A blurb at Charity Navigator says: “Founded in 1978, the National Veterans Services Fund, Inc. (NVSF), formerly Vietnam Veterans Agent Orange Victims, provides case-managed social services and limited medical assistance to Vietnam- and Persian Gulf War- veterans and their families, with a focus on families with disabled children.”

In the latest Charity Navigator account, FY 2011, NVSF reported raising more than $11 million. It spent almost $8.3 million on fundraising expenses and more than $400,000 for administrative expenses, leaving $2.3 million – 21.1 percent -- for programs.

Eighty percent spending on programs is considered excellent. Seventy percent is OK. Twenty-one percent …

But it gets even better … or worse.

Included in the fine print of the recent letter is this information: “In the last fiscal year, NVSF raised a total of $9,111,243. Its expense distribution was 59.18% to fundraising, 11.39% to administration, 18.46% to program services and 10.97% to public education in conjunction with fundraising appeals.”

So, the non-profit, veteran-serving organization raised more money, but spent less on doing what it was organized to do.

Followup to 'Honor roll'

“Mr. Merriman,

“Thank you for contacting us in regards to the Leadership Honor. Mrs. (R's) name was purchased on a list from other similar organizations. We would not of known your mother-in-law was in an assisted living facility from this list. We can gladly remove Mrs. (R's) name and address from our system so she will no longer be mailed.

“Thank you very much for bringing this to our attention.


“Kevin Burch

“George Bush Presidential Library Foundation”

(A quick and correct decision.)

Wednesday, August 14, 2013

Honor roll

TO: Mr. Frederick D. McClure
CEO, George Bush Presidential Library Foundation

Mr. McClure:

(Mrs. R), my 87-year-old mother-in-law, recently received a letter purportedly from the George Bush Presidential Library Foundation stating she has been “nominated for the George Bush Leadership Honor Roll at the George Bush Presidential Library Center,” with approval of listing dependant upon completion of an authorization form and “a generous tax-deductable contribution.”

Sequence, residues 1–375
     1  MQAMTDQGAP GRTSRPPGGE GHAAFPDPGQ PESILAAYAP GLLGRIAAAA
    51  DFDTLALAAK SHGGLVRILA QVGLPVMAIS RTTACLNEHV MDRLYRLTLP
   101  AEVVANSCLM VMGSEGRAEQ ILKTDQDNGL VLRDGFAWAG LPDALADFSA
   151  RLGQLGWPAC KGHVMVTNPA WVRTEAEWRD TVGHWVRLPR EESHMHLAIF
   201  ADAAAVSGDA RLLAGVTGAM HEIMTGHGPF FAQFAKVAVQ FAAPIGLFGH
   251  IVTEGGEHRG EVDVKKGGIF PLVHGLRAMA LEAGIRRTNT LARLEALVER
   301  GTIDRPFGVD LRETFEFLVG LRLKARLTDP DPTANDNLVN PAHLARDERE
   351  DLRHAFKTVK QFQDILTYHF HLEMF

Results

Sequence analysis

Might I inquire how Mrs. R came to be nominated for the Leadership Honor Roll?

Also, I find it strange that the library would ask for money from a woman who presently resides at an assisted living facility, because of diagnosed Alzheimer’s, and who receives less than $1,500 monthly from Social Security and less than $300 monthly from Texas Teacher Retirement System.

Robert Merriman

People at Hot Air are stomping piles of (manure)

in arguments about Ted Cruz and Ann Coulter, Gov. Christie, President Obama and meaningless stuff concerning natural born citizen.

As said in an earlier post, to clear up the whole birther nonsense, say these two words: George Romney.

I read more than 20 comments by the (manure) stompers at Hot Air, and not one -- 0 -- mentioned George Romney.

That indicates: (1) comment writers are not aware of anything that happened before they came of age; and, (2) they must be millennials.

Tuesday, August 13, 2013

Equality for all, and even more for homosexuals

The Department of Defense plans to give shacked up homosexuals 10 days leave to get married.

According to a Pentagon official, “service members who are stationed in one of the 37 states where same-sex marriage is illegal will be offered up to 10 days of leave so they can travel to one of the 13 states, plus the District of Columbia, that grant same-sex marriage licenses.”

The Pentagon wants to make everything all nice and legal. We can’t have unmarried couples living together, can we.

An obvious question: Will DOD offer shacked up heterosexuals 10 days leave to get married?

I think not.

Homosexuals are in a special category of special privileges.

Another nonsense birther debate

Ted Cruz, Canadian, for president.

Two words end the discussion: George Romney.

Romney was born July 8, 1907, in Colonia Dublan, Chihuahua, Mexico. In 1968, Romney was for a time the leading candidate for the Republican presidential nominee.